A system developed by Google has mastered the ancient Chinese game of Go, a progression being hailed as a significant development in the field of artificial intelligence (AI).
Go is a game based around the placement of black or white stones on a board. Competitors try to capture their opponents stones or secure empty space.
While it may seem simple, the game is incredibly complex: there are said to be more possible positions than there are atoms in the universe, with Go seen as a more intuitive game than chess, and thus harder for computers to master.
A team from Google DeepMind developed a program called AlphaGo to try and "crack" the Game. Based in London, Google DeepMind was acquired by Google in 2014.
On Wednesday it was announced that AlphaGo had beaten Fan Hui – the best player in Europe – five nil in a closed doors match last October.
"It was the first time a computer program has ever beaten a professional Go player," Demis Hassabis, CEO of Google DeepMind, said in a blog post.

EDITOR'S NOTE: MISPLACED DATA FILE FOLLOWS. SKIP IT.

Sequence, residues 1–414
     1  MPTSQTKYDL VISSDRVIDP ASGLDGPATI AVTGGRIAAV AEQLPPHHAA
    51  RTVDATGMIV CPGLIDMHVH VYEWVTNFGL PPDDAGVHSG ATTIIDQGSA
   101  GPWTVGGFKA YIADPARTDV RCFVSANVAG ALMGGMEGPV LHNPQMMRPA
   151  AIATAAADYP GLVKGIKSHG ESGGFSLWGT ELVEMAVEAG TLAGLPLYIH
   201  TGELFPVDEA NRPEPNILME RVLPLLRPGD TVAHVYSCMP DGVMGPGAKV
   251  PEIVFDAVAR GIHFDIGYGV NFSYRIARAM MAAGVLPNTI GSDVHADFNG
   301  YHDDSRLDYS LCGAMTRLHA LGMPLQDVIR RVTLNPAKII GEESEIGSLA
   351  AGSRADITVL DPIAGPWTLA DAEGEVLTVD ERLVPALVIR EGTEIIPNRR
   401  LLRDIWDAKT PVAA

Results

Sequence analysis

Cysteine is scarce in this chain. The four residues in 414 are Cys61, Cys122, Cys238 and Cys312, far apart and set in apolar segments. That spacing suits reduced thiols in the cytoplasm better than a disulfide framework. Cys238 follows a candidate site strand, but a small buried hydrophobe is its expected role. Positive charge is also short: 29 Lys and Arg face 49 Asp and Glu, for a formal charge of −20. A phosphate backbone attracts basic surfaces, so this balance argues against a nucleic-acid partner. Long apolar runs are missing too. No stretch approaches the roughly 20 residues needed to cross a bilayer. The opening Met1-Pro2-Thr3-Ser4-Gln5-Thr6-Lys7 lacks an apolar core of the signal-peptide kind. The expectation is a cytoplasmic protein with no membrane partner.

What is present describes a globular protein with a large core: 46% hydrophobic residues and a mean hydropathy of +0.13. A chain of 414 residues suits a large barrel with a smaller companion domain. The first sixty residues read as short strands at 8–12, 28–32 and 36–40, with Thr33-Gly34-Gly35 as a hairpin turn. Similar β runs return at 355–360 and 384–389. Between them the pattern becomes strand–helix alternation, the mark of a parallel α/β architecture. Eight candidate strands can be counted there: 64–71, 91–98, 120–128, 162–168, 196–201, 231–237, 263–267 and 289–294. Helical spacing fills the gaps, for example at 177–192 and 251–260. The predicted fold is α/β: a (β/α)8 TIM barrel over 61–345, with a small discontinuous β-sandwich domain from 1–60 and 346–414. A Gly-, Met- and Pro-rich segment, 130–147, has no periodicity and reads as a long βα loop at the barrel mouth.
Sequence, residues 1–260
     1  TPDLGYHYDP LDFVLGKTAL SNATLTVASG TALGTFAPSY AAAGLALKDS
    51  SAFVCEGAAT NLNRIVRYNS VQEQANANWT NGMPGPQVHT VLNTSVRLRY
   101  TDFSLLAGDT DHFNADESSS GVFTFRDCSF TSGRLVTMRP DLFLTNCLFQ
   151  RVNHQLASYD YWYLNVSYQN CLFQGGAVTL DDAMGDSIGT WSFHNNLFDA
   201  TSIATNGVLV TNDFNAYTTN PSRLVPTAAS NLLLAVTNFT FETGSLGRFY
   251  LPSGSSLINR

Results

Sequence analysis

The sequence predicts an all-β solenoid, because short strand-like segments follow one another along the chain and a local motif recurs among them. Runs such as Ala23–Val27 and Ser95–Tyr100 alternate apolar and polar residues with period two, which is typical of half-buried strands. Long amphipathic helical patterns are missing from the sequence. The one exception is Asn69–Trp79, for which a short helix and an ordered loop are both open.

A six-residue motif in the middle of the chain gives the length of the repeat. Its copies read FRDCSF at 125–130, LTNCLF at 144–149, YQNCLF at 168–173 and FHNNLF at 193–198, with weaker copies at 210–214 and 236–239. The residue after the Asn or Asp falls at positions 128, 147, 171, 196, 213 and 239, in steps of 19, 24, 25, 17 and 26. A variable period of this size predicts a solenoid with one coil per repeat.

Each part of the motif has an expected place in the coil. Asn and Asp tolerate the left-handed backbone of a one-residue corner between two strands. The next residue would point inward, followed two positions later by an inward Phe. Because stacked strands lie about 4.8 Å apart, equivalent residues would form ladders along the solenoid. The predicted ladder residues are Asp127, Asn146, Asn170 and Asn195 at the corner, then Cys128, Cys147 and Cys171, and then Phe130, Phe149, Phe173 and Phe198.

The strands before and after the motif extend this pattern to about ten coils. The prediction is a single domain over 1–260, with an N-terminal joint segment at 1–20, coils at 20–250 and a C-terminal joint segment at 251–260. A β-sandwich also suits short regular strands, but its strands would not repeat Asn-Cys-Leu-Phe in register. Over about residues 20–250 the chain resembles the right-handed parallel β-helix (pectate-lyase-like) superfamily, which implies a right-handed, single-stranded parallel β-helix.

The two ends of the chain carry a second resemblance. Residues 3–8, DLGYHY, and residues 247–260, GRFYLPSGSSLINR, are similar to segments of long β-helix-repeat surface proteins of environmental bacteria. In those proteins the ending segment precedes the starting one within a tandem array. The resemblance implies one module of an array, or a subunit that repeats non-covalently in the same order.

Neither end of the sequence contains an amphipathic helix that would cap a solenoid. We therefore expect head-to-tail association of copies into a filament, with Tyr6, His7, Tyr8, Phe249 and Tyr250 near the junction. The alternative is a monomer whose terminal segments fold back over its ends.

The findings are published in the journal Nature. In March AlphaGo will play the world's best Go player, Lee Sedol, in Seoul.
The potential of the research is significant.
"While games are the perfect platform for developing and testing AI algorithms quickly and efficiently, ultimately we want to apply these techniques to important real-world problems," Hassabis added.
"Because the methods we've used are general-purpose, our hope is that one day they could be extended to help us address some of society's toughest and most pressing problems, from climate modelling to complex disease analysis," Hassabis added.
As well as mastering ancient board games, Google is also looking to transform the way our phones operate. On Wednesday Movidius announced that it was working with Google to "accelerate the adoption of deep learning within mobile devices."
According to the chip maker, the collaboration will see Google deploy its "advanced neural computation engine on Movidius' low-power platform."
This, Movidius said, will enable future devices to possess the capability to comprehend audio and images with "incredible speed and accuracy, offering a more personal and contextualized computing experience."